1 – The primary purpose will be home/personal defense, and by extension target shooting to build up the relevant skill and confidence that we’ll need to use the weapon properly.
2 – We’re reasonable sure that 9mm is the ammo size we want – Good stopping power with not so much recoil as to be problematic for inexperienced users like ourselves.
3 – We want our weapon(s) to be semi-automatics. I’ve seen enough that I am confident in the mechanical reliability of newer weapons, and we also like their recoil-damping capabilities compared to revolvers.

Here’s what we’ve tried so far, and our impressions:
Beretta 92FS / M9A1 – This is our overall favorite to date. We especially like how the decocking lever and slide release work, although when test-firing, the accuracy seemed a bit random. That could be our lack of skill, or because the specific weapon is a range gun that anyone can use, and has probably had 50,000+ rounds shot through it by now. We found the slide to be a bit stiff when racking in a round. I thought it would have been a bit large for my wife’s hand, but she said she was comfortable with it. I kind of wish the decocking lever were below the slide, but you can’t have everything.

Beretta PX4 – This was the easiest for my wife to use, and she also likes how the slide will not manually operate one a round has been chambered. I don’t care for that as much, as it seems to make removing a dud round without dropping the magazine difficult. The rotating bolt also seems to be more mechanically complex.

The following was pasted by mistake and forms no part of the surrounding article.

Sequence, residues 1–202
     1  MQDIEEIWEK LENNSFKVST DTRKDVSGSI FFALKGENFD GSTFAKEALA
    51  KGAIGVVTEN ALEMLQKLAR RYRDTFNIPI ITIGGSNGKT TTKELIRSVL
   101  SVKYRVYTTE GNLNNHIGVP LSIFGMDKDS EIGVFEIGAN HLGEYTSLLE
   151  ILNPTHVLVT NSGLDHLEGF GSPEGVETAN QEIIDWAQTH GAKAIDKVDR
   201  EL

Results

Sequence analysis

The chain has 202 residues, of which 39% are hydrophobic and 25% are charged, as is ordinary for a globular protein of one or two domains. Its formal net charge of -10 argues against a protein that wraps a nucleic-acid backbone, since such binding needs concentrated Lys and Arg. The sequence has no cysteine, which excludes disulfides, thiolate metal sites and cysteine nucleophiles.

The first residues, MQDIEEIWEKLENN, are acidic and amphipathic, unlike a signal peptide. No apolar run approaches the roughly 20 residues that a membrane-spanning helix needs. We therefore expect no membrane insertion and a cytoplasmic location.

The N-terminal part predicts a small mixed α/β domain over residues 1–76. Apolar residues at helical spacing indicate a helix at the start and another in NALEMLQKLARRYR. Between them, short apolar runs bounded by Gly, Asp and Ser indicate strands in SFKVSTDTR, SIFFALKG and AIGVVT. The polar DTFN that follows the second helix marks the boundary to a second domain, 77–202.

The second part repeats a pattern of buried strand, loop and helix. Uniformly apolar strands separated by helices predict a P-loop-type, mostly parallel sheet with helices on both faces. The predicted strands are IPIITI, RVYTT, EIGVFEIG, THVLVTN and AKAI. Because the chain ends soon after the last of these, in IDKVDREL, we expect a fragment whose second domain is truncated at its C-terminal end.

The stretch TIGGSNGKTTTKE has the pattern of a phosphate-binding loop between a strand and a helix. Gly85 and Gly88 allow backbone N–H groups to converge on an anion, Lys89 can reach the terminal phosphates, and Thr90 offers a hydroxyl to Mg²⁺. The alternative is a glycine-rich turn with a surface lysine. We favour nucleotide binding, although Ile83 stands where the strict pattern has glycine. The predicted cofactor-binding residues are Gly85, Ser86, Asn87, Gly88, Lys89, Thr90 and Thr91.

CZ 75 – This one seemed to be a knockoff of the Beretta 92 – This one seemed loose, our shots went all over the target, otherwise the differences we noted were mainly superficial.

Kimber Team Match II – This one was a near-immediate reject for us. The slide was so stiff my wife could barely operate it, and while the grip safety is nice, it seemed that when we racked the the slide, the lever safety would come off and we would have to manually re-engage it. Neither of us liked the thought of accidentally firing a round because the safety came off when we didn’t expect it.

I know there are many other manufacturers out there – S&W, Springfield Armory, Sig, Glock, Wathers, HK, etc. etc. etc. Each with various pros and cons, but if we spent the time to handle and test every one, we’d spend months thinking about it and enough money on range fees to have bought one or two pistols.

If there is anything else you need to know in order to make recommendations/suggestions, please drop me an e-mail.

Thanks much!

This is how to write an email of this type… he gives me enough background information so that I might be able to give the best possible response. Because normally my response would be “Get a SHOTGUN and a GLOCK.” Because I know those work and without any additional information, that’s the best that could be done. “Oh, for you, I’d get the SIG 226. Absolutely the SIG 226.” Yeah, see, I can’t do that, because I don’t know you and that means everything. How big you are or are not, how you dress, where you go and how you get there etc. And this guy knows that I don’t know him, so he fills in the details.